Exactly one year ago today, on October 14, 2012, I married my best friend under the lamp posts and hanging Spanish moss of Jackson Square Park in New Orleans, Louisiana, and became Mrs. Jonathan Freeman.
And what a year it has been! I can’t even begin to count the ways our lives have changed – and all for the better! I cannot even wrap my head around where God has brought us, and how He has blessed us, let alone put it into words.
For our first year wedding anniversary, we visited New Orleans again, but this time with an infant in tow. It was surreal, walking the same streets, eating at the same restaurants, standing in the spot where we said “I Do”… but this time with a precious little munchkin looking around bright eyed and curious at the sights and sounds and smells.
Last year we had strangers congratulating us on our wedding, this year we had strangers congratulating us on the beautiful baby. I didn’t see that one coming.
Jonathan and I agreed months ago that we would like to incorporate the Victorian Era custom of gifting one another according to the traditional yearly “themes”, and giving the traditional anniversary flowers for our future wedding anniversary celebrations.
The tradition of giving specific anniversary gifts based on the number of years a couple has been married dates back to the Middle Ages, but the Victorian Era (1837-1901) was especially focused on creating traditions. Although no one is certain how the traditional list of symbolic anniversary gifts originated, the gifts according to year are pretty well established.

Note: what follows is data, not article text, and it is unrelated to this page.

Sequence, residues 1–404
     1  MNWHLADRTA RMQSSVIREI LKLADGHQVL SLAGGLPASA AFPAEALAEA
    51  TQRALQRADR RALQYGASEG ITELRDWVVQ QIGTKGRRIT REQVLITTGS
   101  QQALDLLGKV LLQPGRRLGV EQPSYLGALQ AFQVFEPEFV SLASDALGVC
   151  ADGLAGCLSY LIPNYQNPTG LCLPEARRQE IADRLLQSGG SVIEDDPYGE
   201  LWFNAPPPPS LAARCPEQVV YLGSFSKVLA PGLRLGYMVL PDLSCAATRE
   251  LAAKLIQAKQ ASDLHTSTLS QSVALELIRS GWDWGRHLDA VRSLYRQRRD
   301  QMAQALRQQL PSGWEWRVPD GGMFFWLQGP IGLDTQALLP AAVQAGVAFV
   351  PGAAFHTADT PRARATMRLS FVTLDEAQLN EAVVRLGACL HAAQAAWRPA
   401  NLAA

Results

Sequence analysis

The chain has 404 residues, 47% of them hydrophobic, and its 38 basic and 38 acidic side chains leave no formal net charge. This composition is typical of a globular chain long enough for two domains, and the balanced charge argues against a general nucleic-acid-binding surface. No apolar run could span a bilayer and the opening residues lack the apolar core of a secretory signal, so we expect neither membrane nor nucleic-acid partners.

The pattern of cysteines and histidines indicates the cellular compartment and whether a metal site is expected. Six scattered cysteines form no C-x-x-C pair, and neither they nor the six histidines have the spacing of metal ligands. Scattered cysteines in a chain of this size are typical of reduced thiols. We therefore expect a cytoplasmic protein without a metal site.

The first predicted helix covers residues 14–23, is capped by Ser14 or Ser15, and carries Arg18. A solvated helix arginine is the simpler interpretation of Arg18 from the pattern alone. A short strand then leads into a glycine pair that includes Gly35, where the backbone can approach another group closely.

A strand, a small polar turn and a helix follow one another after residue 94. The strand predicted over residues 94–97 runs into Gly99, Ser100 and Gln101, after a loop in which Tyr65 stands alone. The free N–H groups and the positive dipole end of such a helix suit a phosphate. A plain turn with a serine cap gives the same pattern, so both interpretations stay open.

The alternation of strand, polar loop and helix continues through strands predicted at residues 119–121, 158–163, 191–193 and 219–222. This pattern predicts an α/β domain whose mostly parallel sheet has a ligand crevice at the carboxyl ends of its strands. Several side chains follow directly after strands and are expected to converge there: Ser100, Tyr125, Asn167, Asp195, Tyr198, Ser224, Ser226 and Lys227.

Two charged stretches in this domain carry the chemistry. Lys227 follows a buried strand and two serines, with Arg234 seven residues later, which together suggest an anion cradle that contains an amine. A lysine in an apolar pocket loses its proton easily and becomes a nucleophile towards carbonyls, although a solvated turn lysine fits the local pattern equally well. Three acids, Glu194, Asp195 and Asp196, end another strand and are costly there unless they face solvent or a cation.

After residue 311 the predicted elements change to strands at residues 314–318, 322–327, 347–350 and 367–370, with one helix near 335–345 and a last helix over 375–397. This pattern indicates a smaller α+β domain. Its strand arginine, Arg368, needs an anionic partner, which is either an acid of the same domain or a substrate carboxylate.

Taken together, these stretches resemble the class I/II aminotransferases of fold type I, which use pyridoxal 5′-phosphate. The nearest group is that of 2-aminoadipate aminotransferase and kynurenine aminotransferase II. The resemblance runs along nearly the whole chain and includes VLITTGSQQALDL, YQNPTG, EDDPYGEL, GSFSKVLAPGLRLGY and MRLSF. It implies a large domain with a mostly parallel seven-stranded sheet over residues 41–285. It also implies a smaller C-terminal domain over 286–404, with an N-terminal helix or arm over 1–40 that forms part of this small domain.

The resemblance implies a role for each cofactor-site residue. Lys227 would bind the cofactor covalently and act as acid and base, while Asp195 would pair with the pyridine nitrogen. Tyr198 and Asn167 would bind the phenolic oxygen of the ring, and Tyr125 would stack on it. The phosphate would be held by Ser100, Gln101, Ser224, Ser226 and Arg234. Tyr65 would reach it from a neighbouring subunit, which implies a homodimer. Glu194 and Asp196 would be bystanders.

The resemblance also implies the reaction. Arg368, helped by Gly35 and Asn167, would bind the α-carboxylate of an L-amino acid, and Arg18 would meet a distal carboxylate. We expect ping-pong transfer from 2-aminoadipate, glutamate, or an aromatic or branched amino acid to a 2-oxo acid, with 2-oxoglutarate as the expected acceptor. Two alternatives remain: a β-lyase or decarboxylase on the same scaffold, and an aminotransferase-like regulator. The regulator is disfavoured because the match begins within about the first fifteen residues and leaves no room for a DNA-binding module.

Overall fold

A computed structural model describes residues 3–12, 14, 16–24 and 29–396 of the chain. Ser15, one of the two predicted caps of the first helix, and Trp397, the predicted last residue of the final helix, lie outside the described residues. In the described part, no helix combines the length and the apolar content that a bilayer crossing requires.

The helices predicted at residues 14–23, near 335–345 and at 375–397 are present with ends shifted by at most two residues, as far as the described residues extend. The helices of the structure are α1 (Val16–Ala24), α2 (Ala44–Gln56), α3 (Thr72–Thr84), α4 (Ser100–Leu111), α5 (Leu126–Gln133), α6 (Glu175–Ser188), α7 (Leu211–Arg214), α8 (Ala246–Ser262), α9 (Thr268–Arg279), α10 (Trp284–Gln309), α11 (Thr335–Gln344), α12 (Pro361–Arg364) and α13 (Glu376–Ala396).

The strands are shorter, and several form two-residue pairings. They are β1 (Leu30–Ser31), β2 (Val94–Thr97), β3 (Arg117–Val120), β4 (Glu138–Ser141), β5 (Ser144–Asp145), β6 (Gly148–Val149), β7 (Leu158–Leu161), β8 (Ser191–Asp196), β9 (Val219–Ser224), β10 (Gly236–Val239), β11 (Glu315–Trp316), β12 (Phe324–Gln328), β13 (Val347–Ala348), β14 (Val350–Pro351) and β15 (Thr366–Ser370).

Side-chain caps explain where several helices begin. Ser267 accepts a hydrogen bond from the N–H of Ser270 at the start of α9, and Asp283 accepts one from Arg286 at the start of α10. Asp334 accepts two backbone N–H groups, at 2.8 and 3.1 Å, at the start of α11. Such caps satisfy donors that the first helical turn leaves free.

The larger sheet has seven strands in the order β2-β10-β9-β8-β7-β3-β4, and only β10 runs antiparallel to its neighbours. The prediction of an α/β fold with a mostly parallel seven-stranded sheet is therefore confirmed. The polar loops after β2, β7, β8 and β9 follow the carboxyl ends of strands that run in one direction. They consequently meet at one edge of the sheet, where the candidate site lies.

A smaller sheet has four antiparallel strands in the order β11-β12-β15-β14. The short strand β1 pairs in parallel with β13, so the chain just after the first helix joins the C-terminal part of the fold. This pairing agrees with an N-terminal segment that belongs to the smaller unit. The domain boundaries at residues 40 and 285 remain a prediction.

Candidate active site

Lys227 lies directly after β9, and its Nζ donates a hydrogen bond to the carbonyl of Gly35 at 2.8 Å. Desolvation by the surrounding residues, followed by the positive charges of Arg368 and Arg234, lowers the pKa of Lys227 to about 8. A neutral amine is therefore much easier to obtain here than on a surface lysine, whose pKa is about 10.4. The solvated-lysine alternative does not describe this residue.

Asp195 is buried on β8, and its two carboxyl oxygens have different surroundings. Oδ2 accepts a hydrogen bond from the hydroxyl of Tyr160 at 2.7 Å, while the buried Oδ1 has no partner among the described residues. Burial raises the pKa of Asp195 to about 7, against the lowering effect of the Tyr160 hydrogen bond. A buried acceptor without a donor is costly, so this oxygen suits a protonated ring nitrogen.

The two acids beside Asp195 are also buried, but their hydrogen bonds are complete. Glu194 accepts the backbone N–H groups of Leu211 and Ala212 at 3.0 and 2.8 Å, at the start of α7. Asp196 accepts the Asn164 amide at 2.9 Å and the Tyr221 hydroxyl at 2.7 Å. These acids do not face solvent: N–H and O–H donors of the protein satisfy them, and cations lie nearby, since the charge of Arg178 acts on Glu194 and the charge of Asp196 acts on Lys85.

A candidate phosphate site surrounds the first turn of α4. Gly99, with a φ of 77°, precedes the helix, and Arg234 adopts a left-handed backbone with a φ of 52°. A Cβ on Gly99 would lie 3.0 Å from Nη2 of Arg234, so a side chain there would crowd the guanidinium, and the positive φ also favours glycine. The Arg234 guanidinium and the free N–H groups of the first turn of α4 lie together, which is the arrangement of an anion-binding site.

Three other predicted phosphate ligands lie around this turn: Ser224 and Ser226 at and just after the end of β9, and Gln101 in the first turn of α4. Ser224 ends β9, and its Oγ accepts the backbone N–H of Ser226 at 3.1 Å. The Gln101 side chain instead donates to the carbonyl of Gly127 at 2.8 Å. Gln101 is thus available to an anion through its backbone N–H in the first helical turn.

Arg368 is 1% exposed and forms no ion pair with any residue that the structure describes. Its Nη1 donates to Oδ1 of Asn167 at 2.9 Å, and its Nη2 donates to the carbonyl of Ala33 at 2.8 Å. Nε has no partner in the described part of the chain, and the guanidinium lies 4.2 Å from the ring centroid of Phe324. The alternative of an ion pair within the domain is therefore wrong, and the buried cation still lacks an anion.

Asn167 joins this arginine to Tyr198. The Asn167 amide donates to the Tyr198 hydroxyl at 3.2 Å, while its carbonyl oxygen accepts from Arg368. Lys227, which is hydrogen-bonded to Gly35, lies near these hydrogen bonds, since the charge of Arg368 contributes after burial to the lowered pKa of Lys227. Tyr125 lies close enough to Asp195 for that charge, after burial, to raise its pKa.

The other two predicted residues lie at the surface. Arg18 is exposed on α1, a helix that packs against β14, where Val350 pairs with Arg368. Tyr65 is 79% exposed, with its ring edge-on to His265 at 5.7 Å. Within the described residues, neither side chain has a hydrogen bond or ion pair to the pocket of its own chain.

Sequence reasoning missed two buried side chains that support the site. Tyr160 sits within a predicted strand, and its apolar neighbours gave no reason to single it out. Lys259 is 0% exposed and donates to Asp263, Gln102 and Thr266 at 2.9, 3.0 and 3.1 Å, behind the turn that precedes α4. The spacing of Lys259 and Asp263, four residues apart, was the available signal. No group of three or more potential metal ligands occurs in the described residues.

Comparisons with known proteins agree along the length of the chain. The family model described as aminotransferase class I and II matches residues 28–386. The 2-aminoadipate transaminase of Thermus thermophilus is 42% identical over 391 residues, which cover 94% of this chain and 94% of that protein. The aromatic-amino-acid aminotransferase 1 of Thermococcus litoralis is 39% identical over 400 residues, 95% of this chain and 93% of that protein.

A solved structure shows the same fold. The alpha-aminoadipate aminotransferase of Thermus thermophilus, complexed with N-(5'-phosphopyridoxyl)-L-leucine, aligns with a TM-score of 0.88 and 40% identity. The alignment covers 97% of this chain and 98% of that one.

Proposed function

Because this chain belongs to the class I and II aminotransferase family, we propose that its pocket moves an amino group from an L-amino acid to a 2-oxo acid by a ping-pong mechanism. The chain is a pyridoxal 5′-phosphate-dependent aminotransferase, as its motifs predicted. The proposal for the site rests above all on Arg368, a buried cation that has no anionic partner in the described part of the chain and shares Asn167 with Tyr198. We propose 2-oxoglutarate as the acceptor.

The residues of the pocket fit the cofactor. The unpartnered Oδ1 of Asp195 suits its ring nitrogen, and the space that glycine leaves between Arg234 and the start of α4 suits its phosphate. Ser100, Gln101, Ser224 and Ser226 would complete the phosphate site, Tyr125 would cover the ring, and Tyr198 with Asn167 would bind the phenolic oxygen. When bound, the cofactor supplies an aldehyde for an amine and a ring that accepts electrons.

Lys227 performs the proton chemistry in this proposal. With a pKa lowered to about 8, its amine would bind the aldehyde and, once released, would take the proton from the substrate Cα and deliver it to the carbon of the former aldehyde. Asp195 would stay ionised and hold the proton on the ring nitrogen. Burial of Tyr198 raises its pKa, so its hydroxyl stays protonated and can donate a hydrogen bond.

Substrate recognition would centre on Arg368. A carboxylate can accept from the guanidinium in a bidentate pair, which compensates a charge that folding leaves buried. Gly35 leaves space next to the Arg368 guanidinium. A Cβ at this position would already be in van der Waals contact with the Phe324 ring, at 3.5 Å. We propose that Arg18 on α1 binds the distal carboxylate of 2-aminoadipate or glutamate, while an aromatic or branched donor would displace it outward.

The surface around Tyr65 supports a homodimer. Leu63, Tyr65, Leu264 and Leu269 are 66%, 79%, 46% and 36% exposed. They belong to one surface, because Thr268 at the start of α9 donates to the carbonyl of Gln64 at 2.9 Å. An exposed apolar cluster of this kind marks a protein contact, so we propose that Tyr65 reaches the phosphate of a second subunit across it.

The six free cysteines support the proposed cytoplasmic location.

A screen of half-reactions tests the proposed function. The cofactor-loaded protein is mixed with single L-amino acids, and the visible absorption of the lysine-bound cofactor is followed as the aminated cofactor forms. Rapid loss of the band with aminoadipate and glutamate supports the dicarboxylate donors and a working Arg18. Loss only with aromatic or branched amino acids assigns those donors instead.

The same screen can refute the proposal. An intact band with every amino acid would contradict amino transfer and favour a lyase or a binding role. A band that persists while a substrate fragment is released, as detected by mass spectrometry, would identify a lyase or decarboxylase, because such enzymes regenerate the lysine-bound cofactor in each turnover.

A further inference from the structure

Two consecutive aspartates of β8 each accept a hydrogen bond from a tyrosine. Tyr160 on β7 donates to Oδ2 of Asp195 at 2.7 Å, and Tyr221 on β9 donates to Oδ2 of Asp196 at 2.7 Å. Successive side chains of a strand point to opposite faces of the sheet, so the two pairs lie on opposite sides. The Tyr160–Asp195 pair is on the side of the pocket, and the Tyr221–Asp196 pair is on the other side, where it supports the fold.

The traditional first year anniversary flower is the carnation, and the first anniversary gift theme is paper.
In the language of flowers, carnations are associated with love, distinction and fascination.
Specifically, white carnations suggest pure love and good luck. Light red symbolizes admiration. Dark red represents deep love and affection. Purple represents fascination. And pink carnations carry the greatest significance, beginning with the belief that they first appeared on earth from the Virgin Mary’s tears – making them the symbol of a mother’s undying love.
Jonathan got me a bouquet with each of these colors, and while I picked out the bouquet with him on more of an “oooh shiny” factor, rather than thinking of the symbolism behind the petals, it all seems rather fitting now that the stems are sitting in my coffee thermos vase in the kitchen. I’d say each of the meanings apply to our relationship this first anniversary.
And as for the paper theme: Jonathan and I bought each other, as a mutual gift, a large hand-bound linen photo book with all of our wedding photos. The book is gorgeous and the craftsmanship of the book itself is a work of art – not to mention the photos inside, which feature a mix of the photos our wedding photographer took, and photos that Jonathan and I took on the weekend and day of our wedding.
I am still so desperately and hopelessly in love with my husband. We’re still starry-eyed kids at heart, daydreaming about how we’ll fulfill the rest of the 75 traditional wedding anniversary gift themes. And there is no doubt in my mind that we will.
“Once in a awhile, in the middle of an ordinary life, love gives us a fairytale.”